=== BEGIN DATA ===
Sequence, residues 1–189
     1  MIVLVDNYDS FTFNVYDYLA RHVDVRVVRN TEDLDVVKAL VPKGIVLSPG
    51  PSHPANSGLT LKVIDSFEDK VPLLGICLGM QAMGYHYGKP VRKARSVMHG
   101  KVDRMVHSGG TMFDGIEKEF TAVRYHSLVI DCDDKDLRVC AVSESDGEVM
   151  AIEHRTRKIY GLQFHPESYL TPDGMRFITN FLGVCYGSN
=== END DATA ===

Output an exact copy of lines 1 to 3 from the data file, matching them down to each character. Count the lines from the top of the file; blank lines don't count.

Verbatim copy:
Sequence, residues 1–189
     1  MIVLVDNYDS FTFNVYDYLA RHVDVRVVRN TEDLDVVKAL VPKGIVLSPG
    51  PSHPANSGLT LKVIDSFEDK VPLLGICLGM QAMGYHYGKP VRKARSVMHG